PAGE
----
As I said, Jared and Justin talked me into this. This half of the list reflects more closely my personal preferences, rather than what I see as influences/important works in the field. In rough order of preference. Very rough. Ask me a different day, and I will have a different order.
Also, I am ignoring Rule #2. Because I can. Because I want to bring up many individual works!
1. Elizabeth Bear, Range of Ghosts. (Tor, 2012)
This is best described as “the epic fantasy I had been waiting to read all my life, unknowing.” I love it. It is amazing.
2. Lois McMaster Bujold, Paladin of Souls. (Harper Voyager, 2003.)
This is one of the books that changed the way I look at the world, and had a profound, fundamental affect on me. Sometimes, I think it helped save my life.
3. Lois McMaster Bujold, The Curse of Chalion. (Harper Voyager, 2001.)
I don’t love The Curse of Chalion quite as much as I love Paladin of Souls. But it is still one of those books that touched me deeply, in ways difficult to express.
4. Martha Wells, The Wheel of the Infinite. (Eos, 2000.)
I don’t know if I can express how much I love Wells’ The Element of Fire – and after Element, Wheel is the book of Wells’ that I love best.
5. Kari Sperring, The Grass-King’s Concubine. (DAW, 2012.)
Is it epic fantasy? I don’t know. I don’t care, either. It is the best thing to come out of DAW in 2012.
6. Elizabeth Bear, All The Windwracked Stars. (Tor, 2009.)
Peri-apocalyptic fantasy! Epic in scope, amazing, brilliant, I love it.
7. Amanda Downum, The Bone Palace. (Orbit, 2010.)
It is epically amazeballs, even if it doesn’t fit a subgenre definition of epic fantasy. Its sequel, The Kingdoms of Dust (Orbit, 2011), does fit such a definition – and is also amazing.
8. Beth Bernobich, Passion Play. (Tor, 2010.)
Neither its title nor its cover do this excellent novel justice. It and its sequel, Queen’s Hunt (Tor, 2012), are very strong character-centred epic fantasy.
9. Jacqueline Carey, Kushiel’s Dart. (Tor, 2001.)
The first book in a revolutionary epic fantasy trilogy. I’m serious when I call it revolutionary: Carey’s work is distressingly underrated by critics, but its ability to mix sexual desire and grand, sweeping narratives – to combine the personal and the political both so closely and so coherently – is an achievement in itself.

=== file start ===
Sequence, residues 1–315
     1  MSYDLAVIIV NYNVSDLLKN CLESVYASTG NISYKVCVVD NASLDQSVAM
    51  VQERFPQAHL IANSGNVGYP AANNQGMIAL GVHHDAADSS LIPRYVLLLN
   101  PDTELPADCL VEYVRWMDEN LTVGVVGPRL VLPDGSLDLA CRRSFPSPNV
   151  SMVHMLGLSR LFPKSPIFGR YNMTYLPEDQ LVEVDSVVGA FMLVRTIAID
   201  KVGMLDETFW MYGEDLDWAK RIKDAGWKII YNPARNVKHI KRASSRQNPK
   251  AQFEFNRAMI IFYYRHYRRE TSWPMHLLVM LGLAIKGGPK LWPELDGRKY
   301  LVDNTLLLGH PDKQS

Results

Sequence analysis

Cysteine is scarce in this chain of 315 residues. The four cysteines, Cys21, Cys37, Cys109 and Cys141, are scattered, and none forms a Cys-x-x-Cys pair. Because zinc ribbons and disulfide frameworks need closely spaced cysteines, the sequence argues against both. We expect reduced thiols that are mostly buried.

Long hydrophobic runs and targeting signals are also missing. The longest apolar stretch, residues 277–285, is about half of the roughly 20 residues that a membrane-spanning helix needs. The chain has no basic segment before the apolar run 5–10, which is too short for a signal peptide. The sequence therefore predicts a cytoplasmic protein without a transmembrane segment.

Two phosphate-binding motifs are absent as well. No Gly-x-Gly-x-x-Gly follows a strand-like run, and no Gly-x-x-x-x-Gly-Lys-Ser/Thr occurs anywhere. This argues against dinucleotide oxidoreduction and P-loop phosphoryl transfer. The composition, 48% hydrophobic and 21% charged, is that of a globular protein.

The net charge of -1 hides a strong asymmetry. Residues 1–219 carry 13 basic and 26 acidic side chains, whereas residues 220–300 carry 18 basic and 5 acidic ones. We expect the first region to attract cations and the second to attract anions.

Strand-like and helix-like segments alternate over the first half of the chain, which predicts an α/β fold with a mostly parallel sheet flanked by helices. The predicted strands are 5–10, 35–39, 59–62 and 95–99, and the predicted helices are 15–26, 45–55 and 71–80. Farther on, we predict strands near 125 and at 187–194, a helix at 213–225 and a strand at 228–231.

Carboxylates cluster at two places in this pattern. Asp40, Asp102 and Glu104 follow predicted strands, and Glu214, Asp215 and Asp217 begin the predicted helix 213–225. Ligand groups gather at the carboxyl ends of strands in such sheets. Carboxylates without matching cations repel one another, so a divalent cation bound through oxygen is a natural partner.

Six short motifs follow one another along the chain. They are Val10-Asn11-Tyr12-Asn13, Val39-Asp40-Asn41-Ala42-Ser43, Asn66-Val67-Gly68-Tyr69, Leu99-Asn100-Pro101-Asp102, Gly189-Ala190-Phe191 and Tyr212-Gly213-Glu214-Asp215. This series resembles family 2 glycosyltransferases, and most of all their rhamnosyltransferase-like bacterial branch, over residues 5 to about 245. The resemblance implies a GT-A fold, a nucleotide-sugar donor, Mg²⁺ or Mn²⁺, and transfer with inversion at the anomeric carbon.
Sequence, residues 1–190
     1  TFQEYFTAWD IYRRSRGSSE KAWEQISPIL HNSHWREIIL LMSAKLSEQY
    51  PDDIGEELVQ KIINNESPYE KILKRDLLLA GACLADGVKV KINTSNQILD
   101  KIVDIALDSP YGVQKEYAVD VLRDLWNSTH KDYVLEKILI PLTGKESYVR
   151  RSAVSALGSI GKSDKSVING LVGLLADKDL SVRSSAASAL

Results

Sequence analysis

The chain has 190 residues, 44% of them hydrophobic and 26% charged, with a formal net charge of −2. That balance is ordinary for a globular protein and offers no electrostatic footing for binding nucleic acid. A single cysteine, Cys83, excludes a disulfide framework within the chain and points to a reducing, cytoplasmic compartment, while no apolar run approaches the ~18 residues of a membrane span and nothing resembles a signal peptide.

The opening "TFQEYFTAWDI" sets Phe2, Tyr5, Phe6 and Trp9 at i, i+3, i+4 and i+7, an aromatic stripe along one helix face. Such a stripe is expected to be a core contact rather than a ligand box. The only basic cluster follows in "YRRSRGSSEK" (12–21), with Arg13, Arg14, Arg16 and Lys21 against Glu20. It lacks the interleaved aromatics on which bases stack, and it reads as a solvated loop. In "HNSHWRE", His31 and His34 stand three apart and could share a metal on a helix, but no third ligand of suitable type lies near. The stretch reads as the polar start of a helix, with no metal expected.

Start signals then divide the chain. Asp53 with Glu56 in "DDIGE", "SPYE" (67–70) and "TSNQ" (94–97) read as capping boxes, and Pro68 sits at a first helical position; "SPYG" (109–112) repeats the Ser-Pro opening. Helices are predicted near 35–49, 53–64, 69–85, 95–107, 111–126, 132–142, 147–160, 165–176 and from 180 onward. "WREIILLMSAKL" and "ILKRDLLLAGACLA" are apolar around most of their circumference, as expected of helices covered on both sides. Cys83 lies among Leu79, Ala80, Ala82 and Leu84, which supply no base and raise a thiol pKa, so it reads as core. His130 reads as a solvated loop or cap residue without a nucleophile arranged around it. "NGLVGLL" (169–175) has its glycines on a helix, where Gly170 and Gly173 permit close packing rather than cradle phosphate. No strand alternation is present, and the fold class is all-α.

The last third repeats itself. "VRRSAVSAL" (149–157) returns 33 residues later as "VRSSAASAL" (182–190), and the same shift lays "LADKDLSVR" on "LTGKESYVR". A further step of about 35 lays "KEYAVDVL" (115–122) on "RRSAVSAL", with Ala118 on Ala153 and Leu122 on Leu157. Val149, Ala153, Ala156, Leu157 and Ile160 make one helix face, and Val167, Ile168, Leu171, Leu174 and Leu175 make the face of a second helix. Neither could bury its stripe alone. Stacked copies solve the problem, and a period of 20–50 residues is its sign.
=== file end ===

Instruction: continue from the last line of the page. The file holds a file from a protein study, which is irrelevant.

10. Tanya Huff, The Silvered. (DAW, 2012.)
Epic! With shapechangers and pregnant women and war and things going boom and a prophecy and everything: and not only that, it stands alone. (I also love Huff’s Quarters books – Dear DAW Books, please reissue them in an omnibus or two. I want to give them to my friends.)
11. Kate Elliott, Crossroads trilogy. (Spirit Gate, Shadow Gate, Traitor’s Gate, Tor US/Orbit UK, 2006-2009.)
Elliott can always be relied upon to do something interesting in her work. In the Crossroads trilogy, she’s interrogating the assumptions of epic fantasy – and has people who ride griffins. Good stuff.
12. Michele Sagara, Chronicles of Elantra. (Luna, 2005-?)
A long series, at this point. It is an urban fantasy set in an epic fantasy world, and Magical Doom regularly appears in the narrative. Dragons! Elves! Fun stuff! One of the many interesting ways by which epic fantasy can be interrogated.
13. Celine Kiernan, The Poison Throne. (Orbit US/O’Brien, 2010.)
IRELAND REPRESENT! Ahem. With that display of gross nationalistic fervour out of the way, let me say that this book, the first (and best) in a trilogy aimed more into the YA demographic? Is really very essential reading.
14. Sarah Monette, The Doctrine of Labyrinths. (Mélusine, The Virtue, The Mirador, Corambis; Tor, 2005-2009.)
A strange, baroque, not infrequently grotesque entry into the lists of epic fantasy. I have some strong affections for it, despite problematic elements.
15. Sherwood Smith, The Banner of the Damned. (DAW, 2012)
Epic fantasy with a scribe and a scholar as its protagonist. An asexual protagonist. It stands alone well enough, too.
I mean the anime series, but I’ve got about five volumes into the manga, too. Shocked it’s not a book? Don’t be: it’s still EPIC.
17. Dragon Age: Origins.
Bioware’s giant RPG has its problems. But it is definitely epic fantasy, and I think despite its problems, it’s still worth looking at – particularly for how it takes epic fantasy elements long familiar to us from literature and adapts them to a new medium.
18. Violette Malan, The Sleeping God. (DAW, 2008.)
Mercenaries. Kicking arse, taking names, killing people in the face and saving the world.
19. Rae Carson, The Girl of Fire and Thorns. (Greenwillow, 2011.)
Aimed at the YA demographic, this is again the first book of a trilogy (better than its sequel, I think). Lovely coming-of-age epicness.
20. Elizabeth Bear and Sarah Monette, A Companion to Wolves. (Tor, 2007.)
The frozen north. Trolls. Men bonded to intelligent wolves. Trolls.
21. Jacqueline Carey, The Sundering. (Banewreaker, Godslayer; Tor, 2004-2005.)
Epic fantasy. As told from the villains’ point of view – but more complicated than that.
22. Steven Erikson, Deadhouse Gates. (Tor, 2005.)
I’m picking only one novel from Erikson’s opus magnus, The Malazan Book of the Fallen – because, well, I fell off the wagon at book five, and have yet to go back. But Deadhouse Gates would be a stellar entry in any epic series: it certainly is here.
23. Simon R. Green, Deathstalker series.
Epic fantasy in a science fictional horror universe.
24. Ursula Le Guin, Voices. (Harcourt, 2006.)
24. Ursula Le Guin, Lavinia. (Harcourt, 2008.)
Yes, you get two entries for #24. I couldn’t choose between them. I love them both.
25. The Lord of the Rings: The Motion Picture Trilogy.
Every adaptation is a fresh recension. LOTR on film brought epic fantasy to a massive audience, and paved the way for epic fantasy to come to the screens again.
A fond mention for Scott Lynch’s The Lies of Locke Lamora, which I don’t think is epic but which is cool nonetheless.